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Democrats tout fundraising advantage in 2020 congressional elections

Midwest states likely to lose House seats

The Democratic Congressional Campaign Committee, the group that works to elect Democrats to Congress, is touting a fundraising advantage and expanding its battleground map after learning it outraised its GOP counterparts by $40 million in 2019. 

The DCCC announced this week it raised $125 million last year, roughly $20 more than it raised in 2017, the last off year between elections. The fundraising was fueled by $59.6 million in grassroots contributions. At the same time, the 42 Democratic "frontline" members in competitive races raked in more than $91 million in 2019.

"We know that this gives them a huge tactical advantage in their districts because they can buy TV time at a significantly lower rate than the committee, than outside groups, than anyone else," said DCCC political director Kory Kozloski in a call with reporters. "They're going to have the resources to tell their stories in a significant way, in a way that incumbents have never had before, in a way that Democratic candidates in many cases have never had before."

Earlier this week, the National Republican Congressional Committee chair Tom Emmer revealed his committee raised $85 million in 2019, $40 million less than the DCCC. Emmer raised alarm bells to Republicans as they seek to take back the House in 2020. 

"One red flag that we're going to start hitting in the next two weeks if you read about it, our members need to get their act together and raise more money," Emmer said. "The individual campaigns need to raise more money. They cannot expect somebody else is gonna do it for them." 

During his 20-minute remarks, he blasted Democrats as the party of socialists and big government and argued control would be determined by what the parties had to offer referencing the economy and trade as an advantage.  

As Democrats seek to defend their House majority and hold onto 30 districts President Trump won in 2016, the DCCC announced on Thursday that it is targeting five more Republican-held districts and one currently vacant seat.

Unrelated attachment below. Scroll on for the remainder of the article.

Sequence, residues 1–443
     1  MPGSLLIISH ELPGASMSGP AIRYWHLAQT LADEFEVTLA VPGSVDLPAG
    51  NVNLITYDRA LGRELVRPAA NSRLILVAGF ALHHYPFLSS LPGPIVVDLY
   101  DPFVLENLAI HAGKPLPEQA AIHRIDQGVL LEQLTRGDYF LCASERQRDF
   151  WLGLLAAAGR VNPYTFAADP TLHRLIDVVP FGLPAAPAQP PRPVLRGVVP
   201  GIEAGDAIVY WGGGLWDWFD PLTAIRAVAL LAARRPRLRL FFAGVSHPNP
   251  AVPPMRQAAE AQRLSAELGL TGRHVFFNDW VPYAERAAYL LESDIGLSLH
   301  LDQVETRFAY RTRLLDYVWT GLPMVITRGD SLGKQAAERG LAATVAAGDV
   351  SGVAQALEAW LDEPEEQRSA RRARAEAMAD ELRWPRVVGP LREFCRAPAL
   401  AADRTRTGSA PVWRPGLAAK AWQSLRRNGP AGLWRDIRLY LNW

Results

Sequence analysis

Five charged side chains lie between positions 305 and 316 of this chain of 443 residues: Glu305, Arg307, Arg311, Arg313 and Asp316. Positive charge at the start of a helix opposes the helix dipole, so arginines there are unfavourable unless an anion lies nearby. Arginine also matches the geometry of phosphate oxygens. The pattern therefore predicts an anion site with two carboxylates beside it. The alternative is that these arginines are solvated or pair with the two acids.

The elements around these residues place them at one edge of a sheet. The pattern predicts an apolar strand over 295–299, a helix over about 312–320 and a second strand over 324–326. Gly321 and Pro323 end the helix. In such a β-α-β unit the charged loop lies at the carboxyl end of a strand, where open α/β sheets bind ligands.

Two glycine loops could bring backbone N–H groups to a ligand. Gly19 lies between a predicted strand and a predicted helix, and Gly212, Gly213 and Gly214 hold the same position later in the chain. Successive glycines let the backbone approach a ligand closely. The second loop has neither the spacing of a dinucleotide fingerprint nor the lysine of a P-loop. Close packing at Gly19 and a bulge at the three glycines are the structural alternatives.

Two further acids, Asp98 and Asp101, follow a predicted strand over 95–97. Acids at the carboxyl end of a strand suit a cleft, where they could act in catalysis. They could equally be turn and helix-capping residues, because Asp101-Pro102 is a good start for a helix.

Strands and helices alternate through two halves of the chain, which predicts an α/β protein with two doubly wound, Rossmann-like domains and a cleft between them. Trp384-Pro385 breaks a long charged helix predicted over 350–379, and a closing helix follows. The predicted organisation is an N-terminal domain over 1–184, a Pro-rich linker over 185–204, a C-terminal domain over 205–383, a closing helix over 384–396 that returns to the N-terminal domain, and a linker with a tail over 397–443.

Democrats are now eyeing Don Young of Alaska, Steve Watkins of eastern Kansas, Richard Hudson of central North Carolina, Dan Crenshaw of northern Houston suburbs, and newly-turned Republican Jeff Van Drew of southern New Jersey. 

Democrats are also focused on keeping California's 25th district seat, vacated by Democrat Katie Hill, who resigned in October. Hill had flipped the seat in the 2018 midterm elections.

Those six additions are on top of the 39 Republican-held districts where the DCCC announced in November that it would be targeting.

"The bottom line is, House Democrats are on the offensive across the country, prepared to protect and expand the House Majority that fights for the priorities of the American people," said DCCC chair Cheri Bustos in a statement. "Our record fundraising gives us the ability to push deeper into Republican territory and hold Republicans accountable for their attacks on working families' health care." 

However, among those six districts, Cook Political Report still rates Hudson's district as solidly Republican. Among the ones Cook Political Report deems competitive, it also rates Van Drew, Watkins, and Young's seats are likely Republican.

"We're going to take a hard look at every single one of these," said Kozloski when asked what resources from the DCCC might look like in the newly added more competitive districts. 

Despite record fundraising by the DCCC, the Democratic National Committee trails behind the Republican National Committee in overall fundraising. The DNC announced this week it raised $95 million in 2019, including funds raised through its Democratic Grassroots Victory Fund. According to a spokesperson, it was the DNC's best off-year online fundraising in a decade, and the total raised was $30 more than what the DNC raised in 2015 while Democrats held the White House.  But the RNC raised $241 million in 2019.

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